By Len Lazarick
There was Hysteria for Comptroller Peter Franchot in Columbia Thursday evening. Or was it Franchot for Hysteria, a craft brewery in an industrial park?
The free beer and pizza for over 100 guests were part of Franchot’s continuing taproom tour across Maryland in his not-yet-official campaign for governor.
Franchot threw the happy hour to honor Hysteria as the winner of a contest he held for the favorite Maryland brewery to hang out. Franchot has championed the cause for relaxing the laws on local breweries – which the legislature loosened this year after behind the scenes negotiation between the big beer distributors and the local brewers.
As he stood behind the bar with a glass of dark Mother’s Milk [Tiramisu] stout in hand, Franchot praised the entrepreneurs and then passed the mic to the owners of the two-year old brewery.
“Who was the one that talked about me running for governor?” Franchot asked.
That would be Rich Gue, who said the brewery wouldn’t be in business if it weren’t for the comptroller. [CORRECTING the owner’s last name.]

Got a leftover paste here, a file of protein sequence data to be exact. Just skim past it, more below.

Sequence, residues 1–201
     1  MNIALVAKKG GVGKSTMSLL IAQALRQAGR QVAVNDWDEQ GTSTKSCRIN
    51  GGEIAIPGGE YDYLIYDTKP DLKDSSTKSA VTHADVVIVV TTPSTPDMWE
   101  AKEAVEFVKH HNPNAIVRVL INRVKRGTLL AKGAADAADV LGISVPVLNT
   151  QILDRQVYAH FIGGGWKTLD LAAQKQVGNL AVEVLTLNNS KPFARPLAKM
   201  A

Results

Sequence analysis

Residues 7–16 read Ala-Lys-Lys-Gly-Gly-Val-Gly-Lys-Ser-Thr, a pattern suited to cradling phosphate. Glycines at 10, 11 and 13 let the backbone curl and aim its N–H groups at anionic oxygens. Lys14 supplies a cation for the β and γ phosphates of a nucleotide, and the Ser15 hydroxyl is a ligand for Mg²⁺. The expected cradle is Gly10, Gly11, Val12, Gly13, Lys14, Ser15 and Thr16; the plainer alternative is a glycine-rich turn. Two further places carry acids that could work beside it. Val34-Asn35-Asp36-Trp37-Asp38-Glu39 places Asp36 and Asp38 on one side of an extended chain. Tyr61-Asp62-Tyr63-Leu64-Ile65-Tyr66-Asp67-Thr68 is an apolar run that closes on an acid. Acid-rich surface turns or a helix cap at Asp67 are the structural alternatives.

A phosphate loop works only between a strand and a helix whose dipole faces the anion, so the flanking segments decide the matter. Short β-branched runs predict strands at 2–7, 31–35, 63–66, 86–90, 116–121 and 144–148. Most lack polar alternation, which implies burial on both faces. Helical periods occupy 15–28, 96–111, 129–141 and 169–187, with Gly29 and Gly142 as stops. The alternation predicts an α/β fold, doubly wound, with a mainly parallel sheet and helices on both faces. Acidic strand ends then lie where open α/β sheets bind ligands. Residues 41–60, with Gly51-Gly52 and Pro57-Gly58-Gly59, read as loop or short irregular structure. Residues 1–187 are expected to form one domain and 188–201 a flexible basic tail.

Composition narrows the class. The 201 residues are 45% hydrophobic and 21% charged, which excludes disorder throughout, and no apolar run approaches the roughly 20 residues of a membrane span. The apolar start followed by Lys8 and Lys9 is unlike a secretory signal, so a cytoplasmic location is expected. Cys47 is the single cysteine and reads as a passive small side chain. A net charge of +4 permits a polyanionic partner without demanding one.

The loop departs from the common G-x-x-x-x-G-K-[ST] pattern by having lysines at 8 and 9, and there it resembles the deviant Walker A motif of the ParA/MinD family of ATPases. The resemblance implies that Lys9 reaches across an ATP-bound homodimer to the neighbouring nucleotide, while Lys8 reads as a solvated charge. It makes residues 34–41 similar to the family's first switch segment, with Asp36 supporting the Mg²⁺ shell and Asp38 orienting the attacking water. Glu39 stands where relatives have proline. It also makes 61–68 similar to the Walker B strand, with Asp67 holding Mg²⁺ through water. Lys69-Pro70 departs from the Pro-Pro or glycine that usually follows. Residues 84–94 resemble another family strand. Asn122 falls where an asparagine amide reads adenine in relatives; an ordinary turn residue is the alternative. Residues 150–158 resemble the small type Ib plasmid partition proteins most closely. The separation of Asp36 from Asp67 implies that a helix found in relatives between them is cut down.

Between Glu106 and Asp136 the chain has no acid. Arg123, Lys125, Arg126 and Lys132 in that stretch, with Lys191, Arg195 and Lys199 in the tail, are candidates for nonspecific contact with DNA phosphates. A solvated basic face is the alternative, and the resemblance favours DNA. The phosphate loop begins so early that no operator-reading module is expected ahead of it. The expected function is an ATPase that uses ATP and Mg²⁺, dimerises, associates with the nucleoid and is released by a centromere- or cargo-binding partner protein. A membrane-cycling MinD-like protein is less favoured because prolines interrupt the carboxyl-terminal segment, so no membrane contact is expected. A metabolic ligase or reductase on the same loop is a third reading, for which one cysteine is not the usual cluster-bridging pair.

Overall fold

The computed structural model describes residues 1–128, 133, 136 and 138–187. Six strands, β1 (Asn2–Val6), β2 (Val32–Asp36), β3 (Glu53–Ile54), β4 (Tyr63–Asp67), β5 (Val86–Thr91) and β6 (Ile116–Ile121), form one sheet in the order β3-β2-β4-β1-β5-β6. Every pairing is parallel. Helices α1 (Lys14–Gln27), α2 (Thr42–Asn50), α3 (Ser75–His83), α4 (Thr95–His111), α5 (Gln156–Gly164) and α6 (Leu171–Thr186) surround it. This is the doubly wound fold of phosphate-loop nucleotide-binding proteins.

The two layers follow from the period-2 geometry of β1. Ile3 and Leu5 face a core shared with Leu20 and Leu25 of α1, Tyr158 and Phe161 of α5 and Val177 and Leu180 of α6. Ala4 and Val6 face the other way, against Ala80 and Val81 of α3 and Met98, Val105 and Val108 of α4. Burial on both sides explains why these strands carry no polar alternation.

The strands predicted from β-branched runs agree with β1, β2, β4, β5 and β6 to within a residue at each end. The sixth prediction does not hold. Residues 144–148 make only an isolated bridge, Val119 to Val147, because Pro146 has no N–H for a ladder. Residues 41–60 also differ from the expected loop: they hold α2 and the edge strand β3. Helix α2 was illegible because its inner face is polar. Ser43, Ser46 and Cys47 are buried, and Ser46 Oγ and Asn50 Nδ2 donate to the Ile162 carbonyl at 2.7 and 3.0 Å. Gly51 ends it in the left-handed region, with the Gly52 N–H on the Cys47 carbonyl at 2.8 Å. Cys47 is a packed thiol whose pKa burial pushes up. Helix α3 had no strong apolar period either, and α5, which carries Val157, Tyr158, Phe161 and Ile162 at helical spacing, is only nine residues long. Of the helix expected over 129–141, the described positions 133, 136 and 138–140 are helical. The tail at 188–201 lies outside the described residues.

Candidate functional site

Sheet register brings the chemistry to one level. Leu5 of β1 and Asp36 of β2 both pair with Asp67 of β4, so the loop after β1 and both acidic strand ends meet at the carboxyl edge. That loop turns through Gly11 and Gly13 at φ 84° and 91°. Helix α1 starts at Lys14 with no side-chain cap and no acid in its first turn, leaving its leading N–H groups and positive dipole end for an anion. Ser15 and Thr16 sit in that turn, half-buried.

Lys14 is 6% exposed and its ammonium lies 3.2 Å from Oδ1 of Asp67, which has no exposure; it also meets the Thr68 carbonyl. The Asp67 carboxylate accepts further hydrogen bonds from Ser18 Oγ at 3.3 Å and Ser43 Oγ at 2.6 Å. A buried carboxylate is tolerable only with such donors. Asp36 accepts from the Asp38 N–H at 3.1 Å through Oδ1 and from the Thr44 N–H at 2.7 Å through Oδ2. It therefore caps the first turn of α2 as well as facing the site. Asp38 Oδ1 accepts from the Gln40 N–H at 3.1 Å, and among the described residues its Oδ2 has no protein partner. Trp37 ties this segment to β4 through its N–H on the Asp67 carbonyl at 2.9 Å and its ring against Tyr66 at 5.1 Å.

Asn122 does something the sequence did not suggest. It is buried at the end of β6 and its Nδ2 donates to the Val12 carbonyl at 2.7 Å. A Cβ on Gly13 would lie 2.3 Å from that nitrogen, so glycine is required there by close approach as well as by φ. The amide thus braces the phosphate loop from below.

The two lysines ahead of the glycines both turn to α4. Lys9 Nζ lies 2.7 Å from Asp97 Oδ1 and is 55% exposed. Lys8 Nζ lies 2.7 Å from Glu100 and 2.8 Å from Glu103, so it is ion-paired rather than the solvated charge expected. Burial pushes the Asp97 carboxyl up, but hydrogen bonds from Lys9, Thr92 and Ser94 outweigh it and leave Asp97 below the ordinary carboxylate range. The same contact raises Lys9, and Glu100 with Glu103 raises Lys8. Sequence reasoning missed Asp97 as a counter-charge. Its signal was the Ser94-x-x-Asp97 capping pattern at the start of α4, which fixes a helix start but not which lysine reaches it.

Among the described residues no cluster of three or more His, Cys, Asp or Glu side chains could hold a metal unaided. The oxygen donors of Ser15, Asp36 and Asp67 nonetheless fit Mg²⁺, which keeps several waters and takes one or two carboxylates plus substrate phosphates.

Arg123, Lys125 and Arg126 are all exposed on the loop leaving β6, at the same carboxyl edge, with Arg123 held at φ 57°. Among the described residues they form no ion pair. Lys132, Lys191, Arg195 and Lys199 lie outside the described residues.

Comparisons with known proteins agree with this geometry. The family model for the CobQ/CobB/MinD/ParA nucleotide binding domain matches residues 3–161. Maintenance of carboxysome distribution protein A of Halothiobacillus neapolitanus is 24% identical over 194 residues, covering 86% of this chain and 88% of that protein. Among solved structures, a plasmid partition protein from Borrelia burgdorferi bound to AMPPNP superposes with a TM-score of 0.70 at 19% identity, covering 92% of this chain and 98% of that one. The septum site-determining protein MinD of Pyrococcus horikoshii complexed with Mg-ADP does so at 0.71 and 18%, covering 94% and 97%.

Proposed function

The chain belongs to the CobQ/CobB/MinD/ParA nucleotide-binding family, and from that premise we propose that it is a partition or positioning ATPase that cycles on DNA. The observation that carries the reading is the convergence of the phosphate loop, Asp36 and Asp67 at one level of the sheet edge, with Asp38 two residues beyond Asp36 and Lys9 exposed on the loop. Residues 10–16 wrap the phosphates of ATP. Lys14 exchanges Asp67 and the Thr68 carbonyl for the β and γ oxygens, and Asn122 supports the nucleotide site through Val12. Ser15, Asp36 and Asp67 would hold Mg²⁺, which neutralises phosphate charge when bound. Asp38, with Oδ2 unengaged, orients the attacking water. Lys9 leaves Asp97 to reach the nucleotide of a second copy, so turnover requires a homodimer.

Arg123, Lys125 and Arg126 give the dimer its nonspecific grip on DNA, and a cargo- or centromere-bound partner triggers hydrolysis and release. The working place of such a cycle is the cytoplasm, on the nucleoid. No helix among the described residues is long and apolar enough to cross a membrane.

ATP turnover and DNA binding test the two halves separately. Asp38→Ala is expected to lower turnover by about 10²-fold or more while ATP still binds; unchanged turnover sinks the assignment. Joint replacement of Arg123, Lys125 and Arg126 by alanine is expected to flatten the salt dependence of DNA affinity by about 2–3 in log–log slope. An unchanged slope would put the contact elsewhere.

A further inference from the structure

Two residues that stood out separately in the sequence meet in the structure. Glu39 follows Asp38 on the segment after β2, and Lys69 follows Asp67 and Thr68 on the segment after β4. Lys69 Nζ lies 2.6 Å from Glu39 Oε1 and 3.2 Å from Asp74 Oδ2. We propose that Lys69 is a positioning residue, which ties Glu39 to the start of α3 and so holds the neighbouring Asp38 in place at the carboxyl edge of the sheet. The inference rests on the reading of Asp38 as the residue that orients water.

“He’s running for governor,” said Gue.
Asked later about a run for governor, Franchot told me Gue “was just joshing.”
Maybe so, but this was fourth happy hour at a Maryland brewery Franchot has hosted this year, and he has three more plus a crab feast at local breweries scheduled just in August. There were also four staff members on hand, including his campaign director with the next election three years away.
Franchot also handed off the mic to Howard County Executive Calvin Ball, who praised Franchot’s “wise use of our taxpayers dollars.” Ball then had to run off to a press conference for the surprise announcement that the 50th anniversary of the Woodstock festival was being moved from upstate New York to the Merriweather Post Pavilion in Columbia.
Franchot is perhaps the most traveled elected official in Maryland. He hands out awards and citations to hundreds of local businesses and organizations each year.
On Thursday afternoon, he gave the Cornerstone Award for Local Business Excellence to Martha Clark and Clark’s Elioak Farm on Route 108 and a proclamation to Soft Stuff Ice Cream owner Michael Weal, in business for 35 years.
Franchot was re-elected to his fourth term as comptroller with 1,620,264 votes (72%) against a little known and underfunded Republican, more votes than any candidate for state office has ever received. As of January, he had slightly over $1 million in his campaign account.